One of the main upshots in the shift to semesters appears to be the effects on the student body's work and party habits. Student consensus appears to be that they had to work harder and longer under semesters than quarters, and at the same time, local police noted that an expected transfer of spring block parties to autumn, with the associated behavior and law-enforcement problems, never materialized. It's still too early to say for sure, but so far it appears that switching to semesters may have taken a good whack at OU's long-standing party school rep.
10. Voters put new faces in county government
Athens County saw a significant makeover of its county government in the 2012 election cycle, as voters unseated two incumbent commissioners and an incumbent county engineer.
First to go was Democrat Commissioner Mark Sullivan, whose problems in his personal life probably played a role in his downfall. These included being charged twice with domestic violence, and spending a night in jail on a drunk-and-disorderly charge. In the Democratic primary, voters chose political newcomer Chris Chmiel as their candidate in November. Chmiel went on to win the general election over Republican Randy Mace.
The second commission seat that changed names was that of Republican incumbent Larry Payne. Despite an if-it-ain't-broke-don't-fix-it endorsement of Payne by the generally Democrat-leaning Athens NEWS, he was defeated by Democratic challenger Charlie Adkins.
Incumbent county Engineer Archie Stanley also went down to defeat after more than three decades in office, at the hands of Jeff Maiden in the Democratic primary. Maiden went after Stanley aggressively, claiming he spent little time at the office; he beat the incumbent by a huge margin, taking some 83 percent of the vote.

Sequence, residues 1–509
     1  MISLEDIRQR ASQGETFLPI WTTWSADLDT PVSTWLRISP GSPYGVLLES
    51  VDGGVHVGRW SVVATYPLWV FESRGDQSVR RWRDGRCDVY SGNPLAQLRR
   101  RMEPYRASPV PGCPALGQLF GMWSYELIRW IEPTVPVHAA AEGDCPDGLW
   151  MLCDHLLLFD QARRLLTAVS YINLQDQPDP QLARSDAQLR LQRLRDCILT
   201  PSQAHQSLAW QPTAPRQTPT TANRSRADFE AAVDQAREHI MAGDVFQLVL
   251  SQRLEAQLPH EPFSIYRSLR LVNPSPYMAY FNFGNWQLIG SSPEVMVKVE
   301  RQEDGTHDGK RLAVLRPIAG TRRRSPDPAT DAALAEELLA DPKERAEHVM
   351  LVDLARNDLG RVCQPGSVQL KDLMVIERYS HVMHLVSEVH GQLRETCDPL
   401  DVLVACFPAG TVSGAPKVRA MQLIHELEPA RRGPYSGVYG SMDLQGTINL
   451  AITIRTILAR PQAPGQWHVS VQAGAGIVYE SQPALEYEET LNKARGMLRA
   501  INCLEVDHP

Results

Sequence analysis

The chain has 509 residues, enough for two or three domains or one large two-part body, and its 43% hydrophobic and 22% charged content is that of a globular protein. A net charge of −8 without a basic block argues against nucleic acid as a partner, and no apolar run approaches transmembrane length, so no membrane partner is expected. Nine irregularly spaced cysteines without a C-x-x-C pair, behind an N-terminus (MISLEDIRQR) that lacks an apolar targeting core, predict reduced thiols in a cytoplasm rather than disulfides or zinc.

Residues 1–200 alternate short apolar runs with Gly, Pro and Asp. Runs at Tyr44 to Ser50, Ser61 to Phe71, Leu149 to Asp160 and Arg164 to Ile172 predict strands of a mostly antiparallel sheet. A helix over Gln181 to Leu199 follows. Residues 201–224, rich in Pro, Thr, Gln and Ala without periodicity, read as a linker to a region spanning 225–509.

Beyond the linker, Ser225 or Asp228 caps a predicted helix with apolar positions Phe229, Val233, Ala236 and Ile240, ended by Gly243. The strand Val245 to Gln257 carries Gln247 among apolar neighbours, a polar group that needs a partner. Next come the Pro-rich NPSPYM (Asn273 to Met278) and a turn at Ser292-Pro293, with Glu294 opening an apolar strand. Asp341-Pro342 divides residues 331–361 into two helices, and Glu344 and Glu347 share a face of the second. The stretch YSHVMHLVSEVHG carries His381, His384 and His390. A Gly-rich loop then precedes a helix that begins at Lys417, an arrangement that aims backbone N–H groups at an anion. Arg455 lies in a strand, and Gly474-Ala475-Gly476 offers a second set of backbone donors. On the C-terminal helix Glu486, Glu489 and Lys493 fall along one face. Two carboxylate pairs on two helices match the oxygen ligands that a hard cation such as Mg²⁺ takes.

Other big stories of 2012 that you may recall include: The big fight over whether OU should tear down an old TB ward on the Ridges… the Levi Canterbury rape case… the sale of the Pine-Aire Village trailer park… new jobs coming to the county courtesy of the CGI and Anchor Hocking companies… the sale of the former Blue Gator restaurant/bar… the seemingly endless street repairs in uptown Athens… the purchase, for close to $40 million, of a huge chunk of Athens' rental market in the form of the Riverpark Towers and River's Edge Apartments on McKinley Road, and Athens Apartments on Andover Road… the dreams of BCS glory for the OU football team, sadly smashed to earth in the latter part of the season... and so many more! Head to our website, and using our handy search function, make up your own list! (Or just use Google if you want to get there quicker and easier.) Share it with your friends! Or simply go to our digital archives, and review the whole year! That will be fun!